Don’t you wish you could always find the right words at just the right time to answer anyone who has upset you? You will find that reply in this book. It has over 750 insults from some of the wittiest, cleverest and smartest writers that have proved that the pen is indeed mightier than the sword.
This book of insults has been collected from the well-known to the hardly ever heard of; from the famous to the anonymous, from newspapers and TV to long forgotten and folded magazines.
Of course Shakespeare and Oscar Wilde appear but so does Raquel Welch and Frank Zappa along with Frank Warren (boxing promoter) and Violet Carson (soap actress). Naturally Queen Victoria was not amused but you might be by this huge collection that has ‘the style of being knocked up on a condemned typewriter in a garden shed in Wapping’. (FOUL Magazine – long since folded).
Insults have been creamed from books of quotations, the Bible, the works of Shakespeare and others such as this from a newspaper story quoting an anonymous British Rail engineer who remarked: ‘Basically, they’re crap’.
A book to dip into, browse at random or use as a study aid before an important meeting. You will not be disappointed. Don’t be like Groucho Marx: ‘From the moment I picked up your book till the moment I put it down I was convulsed with laughter. Someday I intend to read it.’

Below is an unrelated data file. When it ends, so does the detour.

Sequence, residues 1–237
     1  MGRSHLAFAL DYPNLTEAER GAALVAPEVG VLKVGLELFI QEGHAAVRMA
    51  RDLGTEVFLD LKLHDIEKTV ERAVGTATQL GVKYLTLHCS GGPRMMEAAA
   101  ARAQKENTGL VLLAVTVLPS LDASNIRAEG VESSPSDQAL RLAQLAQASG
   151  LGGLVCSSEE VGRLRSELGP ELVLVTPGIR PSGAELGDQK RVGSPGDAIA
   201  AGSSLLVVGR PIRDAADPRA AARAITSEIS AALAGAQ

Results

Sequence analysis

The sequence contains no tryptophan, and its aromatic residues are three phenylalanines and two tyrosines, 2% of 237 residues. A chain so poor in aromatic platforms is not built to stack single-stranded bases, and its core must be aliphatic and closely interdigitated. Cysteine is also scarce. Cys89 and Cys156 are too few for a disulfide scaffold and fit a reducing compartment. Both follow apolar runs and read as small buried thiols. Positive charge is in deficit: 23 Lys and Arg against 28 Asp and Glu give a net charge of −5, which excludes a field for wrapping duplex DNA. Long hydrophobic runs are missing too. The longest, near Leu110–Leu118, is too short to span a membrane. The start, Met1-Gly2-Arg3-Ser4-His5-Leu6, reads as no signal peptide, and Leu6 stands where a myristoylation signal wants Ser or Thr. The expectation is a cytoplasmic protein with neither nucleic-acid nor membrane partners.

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About the Author
John Barber was born in London at the height of the UK Post War baby boom. The Education Act of 1944 saw great changes in the way the nation was taught; the main one being that all children stayed at school until the age of 15 (later increased to 16). For the first time working class children were able to reach higher levels of academic study and the opportunity to gain further educational qualifications at University. This explosion in education brought forth a new aspirational middle class; others remained true to their working class roots. The author belongs somewhere between the two. Many of the author’s main characters have their genesis in this educational revolution. Their dialogue though idiosyncratic can normally be understood but like all working class speech it is liberally sprinkled with strange boyhood phrases and a passing nod to cockney rhyming slang. John Barber’s novels are set in fictional English towns where sexual intrigue and political in-fighting is rife beneath a pleasant, small town veneer of respectability. They fall within the cozy, traditional British detective sections of mystery fiction. He has been writing professionally since 1996 when he began to contribute articles to magazines on social and local history. His first published book in 2002 was a non-fiction work entitled The Camden Town Murder which investigated a famous murder mystery of 1907 and names the killer. This is still available in softback and as an ebook, although not available from Smashwords John Barber had careers in Advertising, International Banking and the Wine Industry before becoming Town Centre Manager in his home town of Hertford. He is now retired and lives with his wife and two cats on an island in the middle of Hertford and spends his time between local community projects and writing further novels.